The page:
It started off as a press conference this morning at the Chicago Temple, with 150 people reportedly gathering to share their stories about the need for Chicago's public mental health clinics. Now, a dozen of those protesters are sitting outside Mayor Rahm Emanuel's door on the fifth floor of City Hall. They're demanding a change in his proposed budget plan, which calls for closing half of the city's 12 clinics.
The Associated Press reports that protesters have flooded into a hallway beside the mayor's office, but apparently Emanuel isn't at his desk.
Matt Ginsburg-Jaeckle, an organizer with Southside Together Organizing for Power, is one among those camped out at Emanuel's office. Although he wasn't available to talk on the phone, he did send a response to one of my questions via text: How long are you guys planning to stay?
"'Till they close at 6 and arrest us," he replied.
STOP also sent out text messages calling for additional supporters. Ginsberg-Jaeckle said about 50 people from the Occupy Chicago protest arrived at 3:40 p.m.
Here's a few tweets from around the web with pictures:
More from last night's coverage:
WLS, a ABC affiliate, on relationship between police and protesters:
WBBM, a CBS affiliate, reported that protesters ended their 10-hour sit-in at 10:30 p.m., saying they want a meeting with Emanuel about budget cuts. WMAQ, a NBC affiliate, also mentioned the protest on its blog, including quotes from 2nd Ward Alderman Bob Fioretti, who says he's concerned that the clinic shut-downs will hurt "the most vulnerable of our citizens." Emanuel's spokeswoman, Tarrah Cooper, countered with a response from the mayor's office:
"The administration is firmly committed to providing Chicago residents with the highest level of patient care across all of our programs, including mental health services. The budget proposal would allow the city to partner with community providers, delivering needed services at a lower cost while still maintaining a high level of care for uninsured patients and those most in need within their own neighborhoods and communities, and the administration is putting an additional $500,000 towards psychiatric services, a top priority expressed by mental health providers," Cooper said.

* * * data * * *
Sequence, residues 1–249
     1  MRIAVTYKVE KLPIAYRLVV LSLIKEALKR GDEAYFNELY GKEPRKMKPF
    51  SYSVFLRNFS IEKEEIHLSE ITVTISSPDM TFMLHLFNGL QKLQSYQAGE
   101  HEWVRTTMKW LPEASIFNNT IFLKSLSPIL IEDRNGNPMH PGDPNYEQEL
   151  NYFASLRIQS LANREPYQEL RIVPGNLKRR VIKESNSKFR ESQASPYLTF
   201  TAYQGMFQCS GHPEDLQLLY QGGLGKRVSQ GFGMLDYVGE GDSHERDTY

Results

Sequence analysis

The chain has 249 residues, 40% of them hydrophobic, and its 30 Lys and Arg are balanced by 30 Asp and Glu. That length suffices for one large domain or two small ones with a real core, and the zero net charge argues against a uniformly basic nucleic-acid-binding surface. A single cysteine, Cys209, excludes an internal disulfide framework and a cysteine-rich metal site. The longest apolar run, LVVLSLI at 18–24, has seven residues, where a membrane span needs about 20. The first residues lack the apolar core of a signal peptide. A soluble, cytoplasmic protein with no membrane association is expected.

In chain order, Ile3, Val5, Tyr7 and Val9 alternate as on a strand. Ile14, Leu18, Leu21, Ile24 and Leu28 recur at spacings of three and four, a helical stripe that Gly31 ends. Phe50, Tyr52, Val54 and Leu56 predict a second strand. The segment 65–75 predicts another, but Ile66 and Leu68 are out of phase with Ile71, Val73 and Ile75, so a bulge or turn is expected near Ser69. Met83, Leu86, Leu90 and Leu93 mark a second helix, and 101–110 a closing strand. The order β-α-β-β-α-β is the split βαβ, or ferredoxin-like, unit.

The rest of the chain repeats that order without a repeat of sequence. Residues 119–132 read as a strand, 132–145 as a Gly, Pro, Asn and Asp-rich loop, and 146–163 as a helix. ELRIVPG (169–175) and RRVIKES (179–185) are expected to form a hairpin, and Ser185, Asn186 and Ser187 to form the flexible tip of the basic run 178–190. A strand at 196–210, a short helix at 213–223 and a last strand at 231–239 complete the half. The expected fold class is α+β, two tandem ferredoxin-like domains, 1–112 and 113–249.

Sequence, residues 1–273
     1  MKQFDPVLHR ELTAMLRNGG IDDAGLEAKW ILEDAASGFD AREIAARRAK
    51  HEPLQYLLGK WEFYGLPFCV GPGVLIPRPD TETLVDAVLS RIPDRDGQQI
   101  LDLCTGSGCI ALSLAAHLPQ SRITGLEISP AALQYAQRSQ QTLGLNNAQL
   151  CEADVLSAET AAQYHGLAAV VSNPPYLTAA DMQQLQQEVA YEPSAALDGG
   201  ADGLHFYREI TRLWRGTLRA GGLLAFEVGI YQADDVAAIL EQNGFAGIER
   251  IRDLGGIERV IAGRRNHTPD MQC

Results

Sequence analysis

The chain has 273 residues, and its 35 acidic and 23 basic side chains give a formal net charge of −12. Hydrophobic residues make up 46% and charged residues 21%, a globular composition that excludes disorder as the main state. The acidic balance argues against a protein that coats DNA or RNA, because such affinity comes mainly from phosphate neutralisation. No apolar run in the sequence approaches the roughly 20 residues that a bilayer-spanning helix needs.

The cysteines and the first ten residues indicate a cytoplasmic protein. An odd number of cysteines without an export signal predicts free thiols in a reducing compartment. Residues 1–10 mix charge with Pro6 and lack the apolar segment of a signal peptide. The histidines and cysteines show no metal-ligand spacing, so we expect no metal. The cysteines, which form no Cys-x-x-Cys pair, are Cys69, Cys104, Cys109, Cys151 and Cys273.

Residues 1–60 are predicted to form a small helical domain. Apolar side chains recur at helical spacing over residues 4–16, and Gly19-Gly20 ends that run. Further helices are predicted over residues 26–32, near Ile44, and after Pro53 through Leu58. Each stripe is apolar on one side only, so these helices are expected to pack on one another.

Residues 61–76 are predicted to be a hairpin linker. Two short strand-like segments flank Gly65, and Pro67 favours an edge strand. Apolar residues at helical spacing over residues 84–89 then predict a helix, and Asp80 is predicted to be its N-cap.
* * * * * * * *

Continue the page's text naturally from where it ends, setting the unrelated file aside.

The Chicago News Cooperative reported this morning that STOP was "behind" the protest, recalling its fight two years ago when the group stopped Mayor Richard M. Daley from closing mental health clinics.
The Chicago Tribune reported that in the later hours of the protest, the activists began wearing hospital gowns, declaring the fifth floor "Rahm Emanuel's psych ward." The Tribune also reported that after the building closed, police refused to allow protesters to use City Hall bathrooms, which caused many to leave. Those who left were not allowed back into the building. Although not allowed access to the bathroom, food was permitted:
Just before 10 p.m., a supporter of the protesters was able to bring two pizzas up to the fifth floor, even though police were trying to prevent people from entering the building.
The pizzas were met with cheers from the protesters and glares from some of the police officers, one of whom took the elevator back down to the first floor with the woman who brought the pizzas. He could be heard asking for her identification as the doors closed.
A few minutes later, one of the protesters offered a sergeant a slice of pizza in exchange for access to a bathroom. The sergeant laughed and declined the offer.
Will activists from STOP get their meeting with the mayor? We'll let you know.
© Community Renewal Society 2011